Follow the Lule River northwest from the city centre and after 9km or so you’ll reach Gammelstaden – the original centre of Luleå. It was here that a huge stone church was built in medieval times, cementing Luleå’s role as one of the region’s most important meeting points.
A traditional church town – or kyrkstad – grew up around that medieval church, providing temporary accommodation for worshippers from all over the region. They would arrive for Sunday services and special events, then return back to their homes in the countryside.
Over time the church town grew in size and eventually gained city status. But by the 1600s Luleå had become such a crucial trading post that its centre had to be moved closer to the sea, allowing larger boats to arrive. The knock-on effect was that the church town’s wonky wooden cottages were left in a kind of time warp – and even today the church town remains superbly well preserved.
As the best of Sweden’s 16 surviving church towns (and a Unesco World Heritage Site), Gammelstads Kyrkstad attracts a steady trickle of visitors throughout the year. There are maps and signposts dotted around the town, which makes it easy to find your way around without a guide, and exploring the web of narrow streets alone is a delight, especially if you’re there when it’s quiet.
Aside from wandering between the 400-odd cottages, most of which remain in use (so be careful where you point that camera), there are a couple of highlights worth checking out.
What to see and do in Gammelstads Kyrkstad
The big stone church in Gammelstads Kyrkstad – known as the Nederluleå Church – is all the more impressive when you consider how old it is. It’s said to have been completed way back in 1492.
This monumental building was the catalyst for Luleå’s early growth, drawing worshippers to its services from miles around. But the Nederluleå Church also helped to assert Swedish dominance over the region, which explains its castle-like exterior.
The main section of the church is basically unchanged since those early days but the solid-looking bell tower was added in the 1800s – it’s thought that the original tower it replaced was made from timber.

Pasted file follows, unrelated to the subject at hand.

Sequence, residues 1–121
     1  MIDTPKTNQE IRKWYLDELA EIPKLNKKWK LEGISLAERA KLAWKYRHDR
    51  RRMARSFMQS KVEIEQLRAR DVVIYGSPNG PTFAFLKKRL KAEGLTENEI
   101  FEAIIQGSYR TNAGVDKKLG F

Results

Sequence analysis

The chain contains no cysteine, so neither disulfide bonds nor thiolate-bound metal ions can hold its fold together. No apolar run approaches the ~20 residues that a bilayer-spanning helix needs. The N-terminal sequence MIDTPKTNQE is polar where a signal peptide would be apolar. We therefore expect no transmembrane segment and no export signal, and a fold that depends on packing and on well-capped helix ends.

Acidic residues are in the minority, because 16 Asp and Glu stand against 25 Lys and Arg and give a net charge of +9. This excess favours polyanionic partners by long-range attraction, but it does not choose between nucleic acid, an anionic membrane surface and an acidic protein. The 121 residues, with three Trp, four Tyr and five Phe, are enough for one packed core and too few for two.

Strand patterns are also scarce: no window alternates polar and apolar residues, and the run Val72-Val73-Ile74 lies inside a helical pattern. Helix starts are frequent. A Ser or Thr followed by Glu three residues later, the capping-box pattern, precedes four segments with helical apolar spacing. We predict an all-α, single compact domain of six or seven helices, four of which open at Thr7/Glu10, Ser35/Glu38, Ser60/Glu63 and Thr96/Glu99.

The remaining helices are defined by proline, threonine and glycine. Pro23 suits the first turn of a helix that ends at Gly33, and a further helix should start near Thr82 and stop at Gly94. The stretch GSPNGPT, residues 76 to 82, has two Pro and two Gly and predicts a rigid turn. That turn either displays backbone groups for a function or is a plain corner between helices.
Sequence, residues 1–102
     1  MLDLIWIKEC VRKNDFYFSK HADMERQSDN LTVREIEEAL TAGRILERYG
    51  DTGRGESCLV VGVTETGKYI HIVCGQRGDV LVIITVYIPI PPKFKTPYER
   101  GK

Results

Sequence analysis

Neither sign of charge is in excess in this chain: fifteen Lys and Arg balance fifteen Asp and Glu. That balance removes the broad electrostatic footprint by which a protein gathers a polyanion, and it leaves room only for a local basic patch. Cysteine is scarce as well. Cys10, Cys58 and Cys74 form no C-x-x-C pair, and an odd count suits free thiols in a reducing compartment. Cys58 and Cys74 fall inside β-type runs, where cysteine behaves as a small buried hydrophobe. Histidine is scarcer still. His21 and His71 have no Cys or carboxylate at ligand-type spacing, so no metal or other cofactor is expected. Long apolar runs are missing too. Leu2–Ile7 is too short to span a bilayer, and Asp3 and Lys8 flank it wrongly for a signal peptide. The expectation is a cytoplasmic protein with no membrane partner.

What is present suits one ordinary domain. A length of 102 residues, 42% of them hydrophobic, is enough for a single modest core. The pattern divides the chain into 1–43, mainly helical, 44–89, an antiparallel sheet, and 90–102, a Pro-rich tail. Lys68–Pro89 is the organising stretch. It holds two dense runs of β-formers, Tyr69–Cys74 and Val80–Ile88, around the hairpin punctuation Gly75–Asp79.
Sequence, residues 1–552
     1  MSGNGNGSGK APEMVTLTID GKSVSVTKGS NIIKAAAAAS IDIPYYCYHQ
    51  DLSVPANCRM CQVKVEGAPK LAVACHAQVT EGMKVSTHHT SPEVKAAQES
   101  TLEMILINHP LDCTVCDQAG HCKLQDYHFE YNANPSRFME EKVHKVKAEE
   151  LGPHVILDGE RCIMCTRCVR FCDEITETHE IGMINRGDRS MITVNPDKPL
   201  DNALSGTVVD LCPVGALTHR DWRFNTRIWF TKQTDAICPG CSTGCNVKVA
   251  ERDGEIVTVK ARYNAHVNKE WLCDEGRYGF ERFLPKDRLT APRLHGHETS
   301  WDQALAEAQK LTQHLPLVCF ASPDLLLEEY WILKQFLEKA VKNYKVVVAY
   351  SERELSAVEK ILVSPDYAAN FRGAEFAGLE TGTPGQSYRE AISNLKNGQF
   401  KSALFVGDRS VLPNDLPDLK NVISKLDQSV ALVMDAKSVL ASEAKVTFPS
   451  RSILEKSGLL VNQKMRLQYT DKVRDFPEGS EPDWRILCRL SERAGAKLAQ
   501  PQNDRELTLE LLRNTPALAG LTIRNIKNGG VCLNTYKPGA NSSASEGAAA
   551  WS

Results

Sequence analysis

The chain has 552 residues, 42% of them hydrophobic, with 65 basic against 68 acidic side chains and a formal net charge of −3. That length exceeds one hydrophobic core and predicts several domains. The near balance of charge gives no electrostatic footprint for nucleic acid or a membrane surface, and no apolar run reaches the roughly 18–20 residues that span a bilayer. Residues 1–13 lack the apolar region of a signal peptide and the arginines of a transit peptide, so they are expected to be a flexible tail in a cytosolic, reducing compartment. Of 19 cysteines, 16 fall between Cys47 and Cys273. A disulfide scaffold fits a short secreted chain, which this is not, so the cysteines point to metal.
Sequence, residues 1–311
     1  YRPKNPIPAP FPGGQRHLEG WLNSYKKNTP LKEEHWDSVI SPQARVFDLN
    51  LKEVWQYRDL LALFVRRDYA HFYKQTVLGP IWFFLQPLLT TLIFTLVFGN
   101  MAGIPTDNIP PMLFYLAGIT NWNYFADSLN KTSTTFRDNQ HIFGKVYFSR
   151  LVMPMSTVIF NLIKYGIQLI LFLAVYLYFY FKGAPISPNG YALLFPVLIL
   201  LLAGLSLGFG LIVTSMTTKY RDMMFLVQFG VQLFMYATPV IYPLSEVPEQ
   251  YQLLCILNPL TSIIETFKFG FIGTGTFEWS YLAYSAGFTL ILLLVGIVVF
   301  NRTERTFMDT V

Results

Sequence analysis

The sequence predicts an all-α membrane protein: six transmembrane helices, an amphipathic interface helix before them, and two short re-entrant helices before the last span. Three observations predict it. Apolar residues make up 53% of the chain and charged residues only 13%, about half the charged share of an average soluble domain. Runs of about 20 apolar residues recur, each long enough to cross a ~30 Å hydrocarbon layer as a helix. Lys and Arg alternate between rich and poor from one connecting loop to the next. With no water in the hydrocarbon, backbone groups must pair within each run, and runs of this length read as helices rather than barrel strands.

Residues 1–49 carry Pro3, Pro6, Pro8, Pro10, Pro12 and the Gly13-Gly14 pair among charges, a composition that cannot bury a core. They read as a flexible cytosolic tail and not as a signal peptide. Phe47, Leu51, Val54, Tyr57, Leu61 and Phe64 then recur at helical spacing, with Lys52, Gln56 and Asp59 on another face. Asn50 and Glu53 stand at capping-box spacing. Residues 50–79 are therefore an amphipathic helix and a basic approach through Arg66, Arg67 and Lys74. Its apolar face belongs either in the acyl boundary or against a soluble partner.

If you time your visit right you’ll be able to look inside the church, which has a far more elaborate interior than the much newer cathedral in the middle of modern Luleå. Sadly the medieval frescoes in the Nederluleå Church were painted over in the 1700s, though they have since been restored. Also worth a look if you go inside is the wooden altar screen, carved to show scenes from the Passion of Christ (no, not the Mel Gibson film).
The Nederluleå Church is open as follows:
Jan–mid–June: Mon–Wed 10am–2pm
Late-June–mid-Aug: daily 9am–4pm
Late-Aug–Dec: daily 10am–2pm.
The show cottage
Most of the cottages in Gammelstads Kyrkstad are privately owned, which makes it hard to get a sense of what life was like for the people who wound up staying in the church town. However, the cottage at 253–254 Framlänningsvägen is open for visitors to peek around in, and gives a sense of how basic the accommodation was. Believe it or not, this cottage is considered large by ‘church town’ standards.
The show cottage is open during the summer only:
May–mid-June: daily 10am–4pm
Late-June–mid-Aug Mon–Fri 10am–4pm, Sat & Sun 10am–5pm
Late-Aug–Sept: Sat & Sun noon–4pm
The open-air museum
If you’re not too worn out from wandering around the town, you might want to pay a visit to Friluftsmuseet Hägnan, just northeast of the church.
This open-air museum has a few interesting old buildings to look around (some from the 1700s), plus a bakery, a blacksmith’s shop, and a collection of live farm animals. In June the museum hosts a traditional midsommar celebration complete with maypole-decorating and dancing.
Entry is free but outside of the main summer season (June to early September), the museum is usually only open for groups.
Although it’s free to walk around the World Heritage Site, you’ll learn more by joining one of the guided tours, which are run in English and Swedish. To get tickets (100 SEK per person), head to the visitor centre just across from the church. Tours run three times a day in summer (there’s often a single tour on Sunday afternoons at other times of the year).
Getting to the church town from Luleå is pretty easy. Bus number 9 bound for Lerbäcken leaves from the station called ‘Shopping’ in Luleå, and stops just across from the Nederluleå Church. There are departures at least every hour in both directions, even during winter. Note that the last bus back to Luleå departs at around 11pm. For more details on using local buses, see our guide to getting around Luleå.
If you’re visiting Gammelstads Kyrkstad by car, there’s easy parking down near Friluftsmuseet Hägnan (the museum).
Last updated: January 2015